Table of Contents
Identifying cultural differences 5
The concept of cultural orientations of Kluckhohn and Strodtbeck 5
The concept of cultural context of Hall 5
The model “culture, status and function” 6
The concept of cultural factors of Hofstede 6
“The consultant model” of Trompenaars 7
Cross-cultural communications in the organization 7
Attitude to time 9
Culture and structure 9
Cultural factors of motivation 10
Cross-cultural aspects of organizational conflict 10
Cross-cultural aspects of recruitment, selection and adaptation of staff 12
Cross-cultural technologies in action: cases 13
Cases of failures in applying the principles of cross-cultural management 13
Positive experiences of managing cultural differences 14
Cross-cultural training of managers 17
Globalization can be understood as a gradual transformation of the global space into a single zone with free moving capital, goods, and services, free spreading ideas and their carriers, encouraging the development of modern institutions and polishing the mechanisms of their interaction (Elashmawi, 2001). Globalization thus implies the formation of an international legal, cultural and informational field, a kind of infrastructure of inter-regional exchanges, including informational. Globalization is making profound changes in the conditions of existence and development of all actors in international affairs. It means that none of them can develop in isolation, without engaging in economic, informational, political, cultural and ideological interaction with other participants in the global game (Soderberg & Holden, 2002; Anheier & Isar, 2008).
As a result, investment is no longer purely national or even mostly national affair; they become an international business. This is reflected both in nature and the scopes of investment. In modern conditions finding a certain amount of money is no longer enough for creating a competitive business. It is essential that these funds should come from a source that can bring modern technology, which possesses all the necessary information and links, which would allow not only producing but also selling the goods or services for the release of which the company was created. This, in turn, suggests entering the international arena, the exact knowledge of the world market, the ability to quickly maneuver the capital, production facilities and labor force (Søderberg & Holden, 2002).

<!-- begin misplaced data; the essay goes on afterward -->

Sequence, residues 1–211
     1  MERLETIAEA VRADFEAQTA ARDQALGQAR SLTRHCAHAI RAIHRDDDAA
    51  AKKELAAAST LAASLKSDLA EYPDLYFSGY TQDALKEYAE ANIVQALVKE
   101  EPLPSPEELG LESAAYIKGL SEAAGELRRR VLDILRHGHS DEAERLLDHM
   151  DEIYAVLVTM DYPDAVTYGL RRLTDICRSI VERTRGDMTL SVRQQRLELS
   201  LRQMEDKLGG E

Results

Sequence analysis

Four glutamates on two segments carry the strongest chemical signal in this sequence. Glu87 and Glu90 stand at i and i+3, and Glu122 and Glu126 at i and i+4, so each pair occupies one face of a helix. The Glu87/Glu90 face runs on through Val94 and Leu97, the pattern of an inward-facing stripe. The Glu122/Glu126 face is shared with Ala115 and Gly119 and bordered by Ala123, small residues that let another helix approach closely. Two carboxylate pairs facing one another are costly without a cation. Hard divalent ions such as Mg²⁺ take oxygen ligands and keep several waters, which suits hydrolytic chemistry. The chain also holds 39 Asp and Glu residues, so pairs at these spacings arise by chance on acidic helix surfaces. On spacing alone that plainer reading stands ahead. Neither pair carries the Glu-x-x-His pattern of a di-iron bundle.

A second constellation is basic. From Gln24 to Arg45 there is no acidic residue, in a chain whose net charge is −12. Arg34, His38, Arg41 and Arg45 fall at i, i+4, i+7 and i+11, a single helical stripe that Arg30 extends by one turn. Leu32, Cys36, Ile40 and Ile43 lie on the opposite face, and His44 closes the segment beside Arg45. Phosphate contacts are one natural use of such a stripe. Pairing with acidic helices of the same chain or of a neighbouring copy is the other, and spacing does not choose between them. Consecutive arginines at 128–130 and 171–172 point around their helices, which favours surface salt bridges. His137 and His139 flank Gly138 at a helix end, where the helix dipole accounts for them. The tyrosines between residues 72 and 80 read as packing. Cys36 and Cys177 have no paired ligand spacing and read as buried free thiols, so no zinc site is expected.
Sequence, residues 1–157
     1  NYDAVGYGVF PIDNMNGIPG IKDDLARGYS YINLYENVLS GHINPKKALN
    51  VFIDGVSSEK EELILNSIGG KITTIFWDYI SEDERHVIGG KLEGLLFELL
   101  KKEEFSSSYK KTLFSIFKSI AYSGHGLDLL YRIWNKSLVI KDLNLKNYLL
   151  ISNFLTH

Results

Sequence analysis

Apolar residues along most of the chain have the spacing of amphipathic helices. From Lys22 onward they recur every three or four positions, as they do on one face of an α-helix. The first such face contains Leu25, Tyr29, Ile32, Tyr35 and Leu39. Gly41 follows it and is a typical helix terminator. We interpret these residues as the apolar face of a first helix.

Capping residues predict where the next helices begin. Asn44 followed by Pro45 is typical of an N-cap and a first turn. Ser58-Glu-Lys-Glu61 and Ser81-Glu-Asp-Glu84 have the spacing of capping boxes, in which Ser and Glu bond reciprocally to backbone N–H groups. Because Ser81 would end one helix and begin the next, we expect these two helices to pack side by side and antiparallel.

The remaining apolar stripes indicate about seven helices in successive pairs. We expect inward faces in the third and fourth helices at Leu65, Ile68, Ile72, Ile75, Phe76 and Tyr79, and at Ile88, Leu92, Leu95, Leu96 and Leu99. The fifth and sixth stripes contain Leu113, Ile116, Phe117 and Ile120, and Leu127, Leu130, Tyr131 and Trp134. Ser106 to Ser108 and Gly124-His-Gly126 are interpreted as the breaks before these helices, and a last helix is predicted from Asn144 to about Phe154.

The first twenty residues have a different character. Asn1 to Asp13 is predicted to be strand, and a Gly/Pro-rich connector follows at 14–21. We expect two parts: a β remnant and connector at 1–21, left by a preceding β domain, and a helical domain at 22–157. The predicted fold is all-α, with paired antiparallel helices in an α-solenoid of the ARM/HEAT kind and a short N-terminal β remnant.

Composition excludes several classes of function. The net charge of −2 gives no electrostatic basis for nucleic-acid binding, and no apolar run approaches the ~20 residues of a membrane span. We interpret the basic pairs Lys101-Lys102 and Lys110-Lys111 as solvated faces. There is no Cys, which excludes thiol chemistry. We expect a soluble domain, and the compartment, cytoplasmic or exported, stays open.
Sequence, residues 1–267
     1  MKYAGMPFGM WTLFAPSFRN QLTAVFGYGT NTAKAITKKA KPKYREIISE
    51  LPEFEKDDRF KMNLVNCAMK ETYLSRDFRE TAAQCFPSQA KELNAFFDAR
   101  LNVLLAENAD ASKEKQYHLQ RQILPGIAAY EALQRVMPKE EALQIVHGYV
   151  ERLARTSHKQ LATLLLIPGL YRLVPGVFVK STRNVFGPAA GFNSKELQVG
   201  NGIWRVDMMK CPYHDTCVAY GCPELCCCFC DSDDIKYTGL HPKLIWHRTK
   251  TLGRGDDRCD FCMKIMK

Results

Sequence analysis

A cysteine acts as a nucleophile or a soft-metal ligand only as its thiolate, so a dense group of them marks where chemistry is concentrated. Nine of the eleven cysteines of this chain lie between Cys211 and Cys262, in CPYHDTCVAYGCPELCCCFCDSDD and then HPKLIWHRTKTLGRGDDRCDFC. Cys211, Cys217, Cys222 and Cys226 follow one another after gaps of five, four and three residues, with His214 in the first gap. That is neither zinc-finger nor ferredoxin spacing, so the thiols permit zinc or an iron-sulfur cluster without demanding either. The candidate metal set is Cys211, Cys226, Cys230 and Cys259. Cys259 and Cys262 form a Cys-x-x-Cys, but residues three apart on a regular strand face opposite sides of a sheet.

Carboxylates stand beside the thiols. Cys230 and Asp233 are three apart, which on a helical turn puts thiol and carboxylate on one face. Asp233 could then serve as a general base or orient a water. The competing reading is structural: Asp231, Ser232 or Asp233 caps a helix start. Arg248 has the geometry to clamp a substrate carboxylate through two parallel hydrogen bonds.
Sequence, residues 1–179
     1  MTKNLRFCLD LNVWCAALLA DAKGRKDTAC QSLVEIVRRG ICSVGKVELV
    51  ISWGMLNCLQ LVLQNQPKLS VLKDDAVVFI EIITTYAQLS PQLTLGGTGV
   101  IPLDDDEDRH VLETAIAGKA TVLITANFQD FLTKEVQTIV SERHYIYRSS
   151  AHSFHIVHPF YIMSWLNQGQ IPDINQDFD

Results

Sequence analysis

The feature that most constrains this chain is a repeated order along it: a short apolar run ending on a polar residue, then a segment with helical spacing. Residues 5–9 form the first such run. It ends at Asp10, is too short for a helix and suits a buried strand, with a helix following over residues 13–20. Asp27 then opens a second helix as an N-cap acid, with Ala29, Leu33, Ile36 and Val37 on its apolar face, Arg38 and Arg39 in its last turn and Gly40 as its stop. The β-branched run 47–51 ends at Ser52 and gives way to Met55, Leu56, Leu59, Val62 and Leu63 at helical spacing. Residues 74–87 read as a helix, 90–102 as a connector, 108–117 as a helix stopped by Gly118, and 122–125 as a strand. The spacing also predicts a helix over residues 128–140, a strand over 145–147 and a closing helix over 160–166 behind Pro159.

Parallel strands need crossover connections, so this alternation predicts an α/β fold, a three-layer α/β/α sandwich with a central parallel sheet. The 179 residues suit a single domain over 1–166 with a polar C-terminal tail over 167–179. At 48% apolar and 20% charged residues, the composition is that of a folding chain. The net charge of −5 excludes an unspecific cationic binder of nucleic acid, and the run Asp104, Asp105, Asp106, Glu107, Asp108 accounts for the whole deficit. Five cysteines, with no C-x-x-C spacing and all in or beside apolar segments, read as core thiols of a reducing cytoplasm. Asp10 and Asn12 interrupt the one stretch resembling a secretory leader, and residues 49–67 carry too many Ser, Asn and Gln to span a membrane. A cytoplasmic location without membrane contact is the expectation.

However, along with all its advantages at the expense of market expansion, globalization has also brought problems to top managers.
International standardization increases, and at the same time so does the number of points that should be considered when releasing/selling products or services; foreign goods make tough competition, both in price and quality. Migration is growing, jobs are given if not always to staff from other countries, then to people from other cities and regions. And regional differences by themselves can become the basis of misunderstanding and conflict not only among employees but also among employees and customers. Another problem is the problem of orientation in an alien cultural environment and the necessity of building a system of management with the consideration of the growing multi cultural society (Elashmawi, 2001; Søderberg & Holden, 2002). This has determined the emergence of such a section of management as cross-cultural management (Mendenhall et al., 2000).
On a whole, the active involvement of companies and individual entrepreneurs in international operations requires from managers the acquisition of new knowledge and skills related to the implementation of strategies for interaction with individuals and companies, whose behavior is determined by values and cultural priorities other than their own. The paper is devoted to personnel management in cross-cultural environment and examines cross-cultural communication in the organization, mutual influence of corporate and national cultures, cultural factors of motivation and cross-cultural aspects of organizational conflicts, as well as describes the practice of MNCs in the selection, training, and adaptation of expatriates.